Sweet Water Foundation Summer Interns

Ross Barney Architects hosts two interns from the Sweet Water Foundation.

Existing Vacant Lot

Existing vacant lot at 57th and Lafayette.


Ross Barney Interns

Diagramming and analysis of pocket park site.


Park Rendering
Renderings show the transformation of a vacant lot into a pocket park.

Through the Re[CREATE]Ed Spaces Program Michael and Maurice spent 6 weeks this summer interning at Ross Barney Architects. This program engaged 25 youth from the Chicago Architecture Foundation’s (CAF) Teen Fellows Program and Sweet Water Foundation’s (SWF) Apprenticeship and Outreach Program.

Sweet Water Foundation, directed by Emmanual Pratt, works to build urban farms across Chicago, providing food and job training to blighted areas and food deserts. Their Aquaponics Facility at Chicago State combines aquaculture (raising aquatic organisms) and hydroponics (growing plants in water).

“We work to catalyze and cultivate innovative spaces that emphasize the relationship between inspiration, education, action and innovation by  supporting STE[A+]M  (Science, Technology, Engineering, Arts & Design/ Architecture/ Agriculture, and Math) education that pushes students to become innovators and inspires individuals to pursue previously unimagined career paths or projects.  Sweet Water Foundation’s programs are not static, but rather change to fit the needs, budgets, and students of the organizations and educational institutions with whom we collaborate.” (Sweetwater Foundation, 2014)

Sweet Water operates in both Chicago and Milwaukee. The 2-acre Perry Avenue Community Farm and Think-Do House in Chicago support a range of interconnected STE(A+)M based initiatives emphasizing the interrelationship between inspiration, education, commerce, art, action, and health and wellness. For example, SWF is a member of the Chatham MMRP Advisory Committee and is working with the Housing Sub Committee about using the SWF as a model for ‘regenerative placemaking’ in future development projects. “I’m obsessed with the concept of blight,” Pratt said. “The old idea was, wipe it out and start anew. Then people wondered, ‘Where’s the solution?’ I say: ‘Here it is.’” (Chicago Tribune, 2014)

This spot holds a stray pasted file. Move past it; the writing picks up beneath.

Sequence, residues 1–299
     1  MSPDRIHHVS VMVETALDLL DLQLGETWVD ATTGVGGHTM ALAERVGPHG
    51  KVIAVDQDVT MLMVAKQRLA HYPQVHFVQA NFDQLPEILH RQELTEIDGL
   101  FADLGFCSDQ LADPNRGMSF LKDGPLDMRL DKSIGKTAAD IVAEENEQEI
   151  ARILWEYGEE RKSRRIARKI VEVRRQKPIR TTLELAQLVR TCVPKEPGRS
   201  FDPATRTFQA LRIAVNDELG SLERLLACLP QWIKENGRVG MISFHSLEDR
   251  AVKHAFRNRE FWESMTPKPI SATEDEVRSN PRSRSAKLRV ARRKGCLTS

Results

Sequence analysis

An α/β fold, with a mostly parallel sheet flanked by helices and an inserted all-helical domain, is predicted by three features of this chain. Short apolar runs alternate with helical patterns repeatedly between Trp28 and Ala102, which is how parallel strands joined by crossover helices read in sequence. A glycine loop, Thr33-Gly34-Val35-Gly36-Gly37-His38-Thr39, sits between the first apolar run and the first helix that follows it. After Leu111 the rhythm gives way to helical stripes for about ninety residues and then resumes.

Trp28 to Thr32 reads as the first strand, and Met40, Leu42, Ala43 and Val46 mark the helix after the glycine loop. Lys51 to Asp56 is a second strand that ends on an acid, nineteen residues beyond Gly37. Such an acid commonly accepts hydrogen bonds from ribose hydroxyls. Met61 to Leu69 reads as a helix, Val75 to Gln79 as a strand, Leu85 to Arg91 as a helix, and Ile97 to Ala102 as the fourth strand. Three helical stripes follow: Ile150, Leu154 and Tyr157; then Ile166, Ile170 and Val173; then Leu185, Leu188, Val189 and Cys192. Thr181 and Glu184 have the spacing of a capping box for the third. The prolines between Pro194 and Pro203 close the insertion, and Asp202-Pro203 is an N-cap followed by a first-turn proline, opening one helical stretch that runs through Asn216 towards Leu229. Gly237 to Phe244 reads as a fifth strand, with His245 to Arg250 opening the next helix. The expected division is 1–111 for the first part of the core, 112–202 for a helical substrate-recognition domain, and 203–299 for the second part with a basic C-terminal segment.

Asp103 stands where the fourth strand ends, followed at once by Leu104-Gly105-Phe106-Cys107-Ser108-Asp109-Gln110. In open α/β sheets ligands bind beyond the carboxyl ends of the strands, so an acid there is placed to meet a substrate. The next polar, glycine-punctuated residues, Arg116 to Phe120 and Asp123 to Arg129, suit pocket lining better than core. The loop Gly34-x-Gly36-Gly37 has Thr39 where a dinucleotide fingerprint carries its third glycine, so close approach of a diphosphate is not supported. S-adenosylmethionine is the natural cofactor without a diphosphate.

As a significant portion of the Sweet Water Foundation is education, Pratt started the Re[Created]ed spaces program to help provide paid summer internships for Chicago youth with both hands-on physical learning at the Perry Avenue Community farm, but also engaging in the design process with professional architects. “We’re training students to become entrepreneurs, or, as I like to call them, ecopreneurs in the green industry,” Pratt said (Chicago Tribune, 2014). Chantelle Brewer, who serves on the Board of Directors for Sweet Water foundation, happily volunteered to host two interns for 6 weeks here at Ross Barney Architects.

The interns, Michael and Maurice, were tasked to design the transformation of a vacant lot into a pocket park on 57th and Lafayette. Michael and Maurice were in the studio two days a week and on the Sweet Water Farm the rest of the week where they watered plants, weeded, harvested produce, and assisted in constructing of park furniture.

Michael and Maurice are graduates from the Community Youth Development Institute (CYDI), recent high school graduates, and will be attending University this fall to study Construction and Construction Management. During their time with CYDI, Michael and Maurice brought Aquaponics systems to their high schools, learned to build furniture, and became resources of agriculture knowledge for their community.

Using various programs, Michael and Maurice analyzed the site and diagrammed site access, community amenities, and adjacencies. Precedent images and examples were then gathered and shared with stakeholders and another group of interns at the CAF. Michael and Maurice used Google Sketchup to make 3D models of the vacant lot to be transformed into a park. They both had unique ideas about what types of programs and activities the park would contain and began to visualize these activities. Finally, Michael and Maurice created renderings of their design and visions of the newly transformed park.

The culmination of their internship experience was a presentation of their work throughout the summer both to the Sweet Water Foundation and to the Ross Barney Architects studio. Michael and Maurice were able to gain a proficiency in a variety of programs in an amazingly short time frame. Their insights to the community and the work of SWF also brought an invaluable perspective to their design proposals.

We wish them all the best in school and look forward to seeing what they do in the future!